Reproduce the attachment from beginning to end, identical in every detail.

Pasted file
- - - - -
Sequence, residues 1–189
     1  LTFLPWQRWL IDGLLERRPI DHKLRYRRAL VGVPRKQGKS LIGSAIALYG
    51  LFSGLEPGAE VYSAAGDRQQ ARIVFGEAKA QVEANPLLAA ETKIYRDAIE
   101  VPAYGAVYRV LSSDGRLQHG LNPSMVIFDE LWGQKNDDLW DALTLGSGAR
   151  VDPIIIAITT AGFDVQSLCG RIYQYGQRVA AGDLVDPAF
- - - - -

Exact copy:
Sequence, residues 1–189
     1  LTFLPWQRWL IDGLLERRPI DHKLRYRRAL VGVPRKQGKS LIGSAIALYG
    51  LFSGLEPGAE VYSAAGDRQQ ARIVFGEAKA QVEANPLLAA ETKIYRDAIE
   101  VPAYGAVYRV LSSDGRLQHG LNPSMVIFDE LWGQKNDDLW DALTLGSGAR
   151  VDPIIIAITT AGFDVQSLCG RIYQYGQRVA AGDLVDPAF